Corallium, also known as red or pink coral, is the most valuable species of deep sea coral used to manufacture jewelry and sculptures. Its value is immense, often exceeding the value of gold. In auctions, raw, unprocessed colonies may fetch $150-$2000 per kilogram, while individual necklaces and carvings can cost more than $20,000.
The harvest, which has continued for over 5000 years, is marked by boom and bust cycles of discovery followed quickly by overfishing and rapid exhaustion of precious coral beds. In the Mediterranean sea, this coral once formed vast forests of colonies each 50-1200 cm in height, providing habitat for innumerable species of invertebrates and fishes. The growing demand has greatly reduced colony density and shifted the size and age structure to small immature colonies that have a lower value and lowered reproductive output. The unsustainable harvest is equivalent to clearcutting a forest -it has effectively converted high relief “forests” of corals to unproductive grasslands dominated by colonies that are a few cm in height. To date, few effective management measures have been applied to the fishery and attempts to protect the coral through international regulations within the Convention on the International Trade in Endangered Species (CITES) have been foiled by strong political and social pressure.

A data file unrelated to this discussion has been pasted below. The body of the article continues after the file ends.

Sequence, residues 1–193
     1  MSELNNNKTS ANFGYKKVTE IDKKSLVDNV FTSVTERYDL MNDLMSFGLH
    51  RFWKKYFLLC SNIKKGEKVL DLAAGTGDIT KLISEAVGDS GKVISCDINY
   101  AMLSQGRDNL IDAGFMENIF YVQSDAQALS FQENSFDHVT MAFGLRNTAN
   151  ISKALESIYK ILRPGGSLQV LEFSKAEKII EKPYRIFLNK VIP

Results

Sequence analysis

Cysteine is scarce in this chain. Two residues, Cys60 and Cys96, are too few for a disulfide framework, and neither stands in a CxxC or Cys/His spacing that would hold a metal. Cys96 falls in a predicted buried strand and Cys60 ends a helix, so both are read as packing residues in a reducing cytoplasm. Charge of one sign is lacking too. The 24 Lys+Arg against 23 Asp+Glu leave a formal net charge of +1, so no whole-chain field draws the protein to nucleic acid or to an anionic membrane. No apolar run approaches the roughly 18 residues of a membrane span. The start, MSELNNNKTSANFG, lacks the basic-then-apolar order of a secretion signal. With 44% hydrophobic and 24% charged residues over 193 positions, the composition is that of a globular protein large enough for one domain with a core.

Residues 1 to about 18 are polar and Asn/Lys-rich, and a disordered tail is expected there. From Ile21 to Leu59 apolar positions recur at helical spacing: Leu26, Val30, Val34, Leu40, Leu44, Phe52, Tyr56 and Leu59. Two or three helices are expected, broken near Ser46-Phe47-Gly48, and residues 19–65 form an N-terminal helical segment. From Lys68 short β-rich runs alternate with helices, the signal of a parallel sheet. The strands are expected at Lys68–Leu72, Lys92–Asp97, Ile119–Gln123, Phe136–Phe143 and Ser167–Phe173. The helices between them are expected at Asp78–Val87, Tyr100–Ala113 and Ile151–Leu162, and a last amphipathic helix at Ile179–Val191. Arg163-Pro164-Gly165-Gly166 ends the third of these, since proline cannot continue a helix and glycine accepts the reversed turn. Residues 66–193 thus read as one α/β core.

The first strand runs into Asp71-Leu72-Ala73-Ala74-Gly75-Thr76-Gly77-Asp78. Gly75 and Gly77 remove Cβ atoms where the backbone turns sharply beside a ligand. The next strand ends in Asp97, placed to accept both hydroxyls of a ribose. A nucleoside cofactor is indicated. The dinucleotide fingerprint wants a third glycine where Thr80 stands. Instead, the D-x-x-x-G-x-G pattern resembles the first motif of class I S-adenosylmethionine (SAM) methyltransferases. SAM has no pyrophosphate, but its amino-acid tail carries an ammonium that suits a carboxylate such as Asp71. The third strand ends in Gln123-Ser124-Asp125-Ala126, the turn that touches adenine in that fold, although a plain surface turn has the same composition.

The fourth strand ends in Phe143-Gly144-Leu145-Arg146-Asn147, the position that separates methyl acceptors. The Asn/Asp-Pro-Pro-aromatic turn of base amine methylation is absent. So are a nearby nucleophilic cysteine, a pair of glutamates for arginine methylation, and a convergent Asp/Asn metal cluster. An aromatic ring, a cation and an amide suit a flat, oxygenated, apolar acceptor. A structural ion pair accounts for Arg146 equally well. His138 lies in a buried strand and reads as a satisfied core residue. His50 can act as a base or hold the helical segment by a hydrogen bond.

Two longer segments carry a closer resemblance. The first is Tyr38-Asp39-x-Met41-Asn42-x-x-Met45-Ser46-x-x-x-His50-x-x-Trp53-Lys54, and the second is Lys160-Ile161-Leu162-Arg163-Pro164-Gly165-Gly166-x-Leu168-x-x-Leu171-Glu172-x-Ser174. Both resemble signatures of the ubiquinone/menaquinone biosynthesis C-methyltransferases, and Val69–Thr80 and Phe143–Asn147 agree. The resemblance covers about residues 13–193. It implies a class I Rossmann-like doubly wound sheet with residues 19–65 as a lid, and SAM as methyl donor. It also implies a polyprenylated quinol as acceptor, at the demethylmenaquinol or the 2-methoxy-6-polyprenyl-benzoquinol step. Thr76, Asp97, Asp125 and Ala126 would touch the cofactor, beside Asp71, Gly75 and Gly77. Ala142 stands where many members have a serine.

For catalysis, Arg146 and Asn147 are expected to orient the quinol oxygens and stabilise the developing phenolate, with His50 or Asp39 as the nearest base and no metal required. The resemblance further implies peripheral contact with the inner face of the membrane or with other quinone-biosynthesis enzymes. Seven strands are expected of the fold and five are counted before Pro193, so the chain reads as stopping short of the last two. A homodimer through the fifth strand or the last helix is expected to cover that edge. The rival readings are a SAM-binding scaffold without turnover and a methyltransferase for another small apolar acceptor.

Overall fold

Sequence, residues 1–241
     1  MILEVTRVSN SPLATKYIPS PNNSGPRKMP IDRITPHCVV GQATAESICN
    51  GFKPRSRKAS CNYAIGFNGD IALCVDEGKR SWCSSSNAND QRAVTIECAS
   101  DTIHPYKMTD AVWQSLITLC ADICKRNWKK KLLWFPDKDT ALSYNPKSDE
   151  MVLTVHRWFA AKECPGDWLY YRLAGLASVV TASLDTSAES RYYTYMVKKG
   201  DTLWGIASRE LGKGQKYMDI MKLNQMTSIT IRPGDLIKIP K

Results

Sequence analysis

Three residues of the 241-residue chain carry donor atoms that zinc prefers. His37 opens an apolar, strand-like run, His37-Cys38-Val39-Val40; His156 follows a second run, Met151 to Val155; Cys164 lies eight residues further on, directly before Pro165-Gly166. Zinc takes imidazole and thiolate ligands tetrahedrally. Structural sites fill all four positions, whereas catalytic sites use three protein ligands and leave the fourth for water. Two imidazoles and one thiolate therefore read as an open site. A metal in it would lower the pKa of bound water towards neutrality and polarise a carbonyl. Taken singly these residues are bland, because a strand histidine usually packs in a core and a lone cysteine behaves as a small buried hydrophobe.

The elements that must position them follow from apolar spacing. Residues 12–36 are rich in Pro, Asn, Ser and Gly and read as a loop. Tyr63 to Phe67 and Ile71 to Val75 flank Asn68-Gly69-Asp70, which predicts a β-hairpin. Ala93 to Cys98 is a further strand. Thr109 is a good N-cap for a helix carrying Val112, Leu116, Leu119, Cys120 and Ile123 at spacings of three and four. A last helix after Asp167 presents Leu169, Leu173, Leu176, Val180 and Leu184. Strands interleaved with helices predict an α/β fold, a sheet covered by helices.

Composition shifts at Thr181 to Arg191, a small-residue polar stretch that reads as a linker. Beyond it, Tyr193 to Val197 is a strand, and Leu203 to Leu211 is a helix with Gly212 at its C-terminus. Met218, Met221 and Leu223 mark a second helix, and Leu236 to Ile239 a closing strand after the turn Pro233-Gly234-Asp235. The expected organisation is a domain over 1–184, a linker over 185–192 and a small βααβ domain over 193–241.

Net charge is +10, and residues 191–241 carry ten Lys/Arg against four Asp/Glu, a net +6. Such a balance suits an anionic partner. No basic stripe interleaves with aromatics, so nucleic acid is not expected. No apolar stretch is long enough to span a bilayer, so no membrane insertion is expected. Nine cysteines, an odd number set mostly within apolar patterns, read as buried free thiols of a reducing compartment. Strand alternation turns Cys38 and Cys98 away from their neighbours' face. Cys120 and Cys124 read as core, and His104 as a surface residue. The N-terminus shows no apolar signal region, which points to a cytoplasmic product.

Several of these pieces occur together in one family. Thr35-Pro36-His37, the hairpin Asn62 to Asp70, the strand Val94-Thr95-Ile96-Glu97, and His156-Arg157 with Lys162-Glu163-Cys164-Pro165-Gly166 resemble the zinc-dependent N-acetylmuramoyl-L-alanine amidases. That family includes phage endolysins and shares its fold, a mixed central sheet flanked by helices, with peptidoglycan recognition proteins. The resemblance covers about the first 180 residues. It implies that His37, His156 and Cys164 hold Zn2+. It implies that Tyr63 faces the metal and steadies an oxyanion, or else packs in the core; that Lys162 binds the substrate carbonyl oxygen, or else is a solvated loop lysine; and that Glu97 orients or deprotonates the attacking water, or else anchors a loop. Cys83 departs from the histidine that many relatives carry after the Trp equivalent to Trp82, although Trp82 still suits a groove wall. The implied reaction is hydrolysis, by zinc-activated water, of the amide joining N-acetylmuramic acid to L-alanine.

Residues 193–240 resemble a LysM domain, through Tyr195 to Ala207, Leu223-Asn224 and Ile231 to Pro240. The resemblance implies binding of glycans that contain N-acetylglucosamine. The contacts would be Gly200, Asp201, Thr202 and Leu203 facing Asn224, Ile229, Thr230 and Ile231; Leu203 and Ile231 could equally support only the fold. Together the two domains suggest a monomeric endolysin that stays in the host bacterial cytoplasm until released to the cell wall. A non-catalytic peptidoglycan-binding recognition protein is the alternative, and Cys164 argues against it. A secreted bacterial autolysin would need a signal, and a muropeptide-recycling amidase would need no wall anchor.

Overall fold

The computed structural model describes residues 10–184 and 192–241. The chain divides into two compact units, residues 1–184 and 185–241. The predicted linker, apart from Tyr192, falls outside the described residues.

This coral, along with other deep sea coral species, is too precious to wear and should never be purchased.